Voice of America: The democratic world is challenged today by Russia’s invasion of Ukraine. What do you think are the consequences for the Balkans, given the Russian influence in some countries in our region?

Assistant Secretary Donfried: First, let me say how heartbreaking it is to see Ukrainians being killed every day. On February 24, Russia embarked on a full-scale, unprovoked and unwarranted invasion of Ukraine. And what we have seen in the past two months is the brutality of this invasion. Whether it’s the relentless bombardment of Mariupol, whether it’s the crimes we saw committed in Bucha, there are so many horrific examples I could cite. So every day is a tragic day for Ukraine. And the United States has taken a very strong position in this conflict and our position is stronger because allies like Albania are standing with us. And if I think of the three components of our strategy, Albania is essential for each of them, that it helps Ukraine, that it imposes costs on Russia, that it rises within the NATO and ensures that our eastern and southeastern flank is defended appropriately, whether in the UN Security Council, where Albania is a co-sponsor with us on Ukraine. I could go on, but this is not only a struggle for Ukraine, it is very important for the sovereignty and territorial integrity of Ukraine. It is also about the landscape of European security. And these are fundamentally the principles that we believe in, that each state has the right to make its own sovereign decisions regarding its formal security policy, many of the underlined principles of European security that Russia has in fact accepted at the OSCE and in other forums. So, I can’t overstate the consequence of this moment. And again, President Biden, Secretary Blinken deeply believe that we are stronger to face this moment thanks to allies like Albania.

Voice of America: Are you concerned about Serbia’s stance not joining EU sanctions against Russia?

Assistant Secretary Donfried: Let me start by saying that Serbia was on the right side of history. In early March during the first vote at the United Nations General Assembly, when 141 countries, including Serbia, voted to condemn the Russian invasion of Ukraine and demanded that Russia withdraw. Five UN countries voted against this resolution. There was a second UNGA resolution, a humanitarian resolution, Serbia also voted with Albania and with the United States. And then we have the vote to suspend Russia from the UN Human Rights Council, and once again Serbia is with us. I think it is important to recognize that, to recognize that these were difficult decisions and to appreciate the decisions made by Serbia. With regard to sanctions, as I mentioned, the United States believes it is important to impose sanctions on Vladimir Putin, for the actions he is taking, actions that are unwarranted, unprovoked and brutal. And in this, we call on Serbia to align itself, in this case with the EU and the sanctions it has imposed. And I would say here that what the US and the EU are doing on the sanctions front, the coordination that there is there, is in many ways a culmination of our work together. And I want to point out here too that the response package includes sanctions and export controls, and I think those export controls are also important. And I want to emphasize that this coalition that opposes Russia’s brutal actions includes not only our European allies and partners, but also our allies and partners in Asia. And I think the fact that so much of the world is against it is powerful.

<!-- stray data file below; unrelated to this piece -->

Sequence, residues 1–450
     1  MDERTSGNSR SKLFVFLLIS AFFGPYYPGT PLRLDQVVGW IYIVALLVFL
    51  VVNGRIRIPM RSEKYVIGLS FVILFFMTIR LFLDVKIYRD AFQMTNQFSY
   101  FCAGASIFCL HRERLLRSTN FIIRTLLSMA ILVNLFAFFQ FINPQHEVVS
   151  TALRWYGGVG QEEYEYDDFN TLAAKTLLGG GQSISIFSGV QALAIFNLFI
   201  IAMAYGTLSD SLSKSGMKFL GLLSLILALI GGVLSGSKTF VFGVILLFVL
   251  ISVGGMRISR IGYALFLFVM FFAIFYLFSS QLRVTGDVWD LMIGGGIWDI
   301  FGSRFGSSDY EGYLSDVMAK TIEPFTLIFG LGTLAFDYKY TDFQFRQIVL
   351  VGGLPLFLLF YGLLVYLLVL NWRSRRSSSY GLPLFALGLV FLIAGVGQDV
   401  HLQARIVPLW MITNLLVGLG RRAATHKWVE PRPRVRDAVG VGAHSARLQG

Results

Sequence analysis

Voice of America: Another question. Do you think Serbia’s arms purchases from Russia and more recently China pose a risk to security and stability in the Balkans?

Assistant Secretary Donfried: I will say that there was a difference of opinion between some Europeans and the United States about Russia’s plans as February 24 approached. And I think because some of our European allies and partners didn’t believe that Russia would undertake the assault that it did, in many ways I think February 24 was for a lot of the Europe the equivalent of September 11 for the United States. And it showed us all a side of Russia that we hoped weren’t there. And when a country makes decisions about buying arms, of course when it thinks holistically about the relationship with that country, and it’s very hard to imagine a country having an unchanged relationship with the Russia after February 24. And I would say to refer to the decisions that Serbia took at the UN. China, I believe, made the strategic decision to ally with Russia. And again, I think any decisions a country makes about arms purchases are informed by that holistic view of what that relationship is with Russia or with China in the future. And I think I would leave a comment there.

Voice of America: Mrs. Donfired, thank you very much!

Assistant Secretary Donfried: Much my pleasure. And very nice to meet you. And thank you for your great work at Voice of America.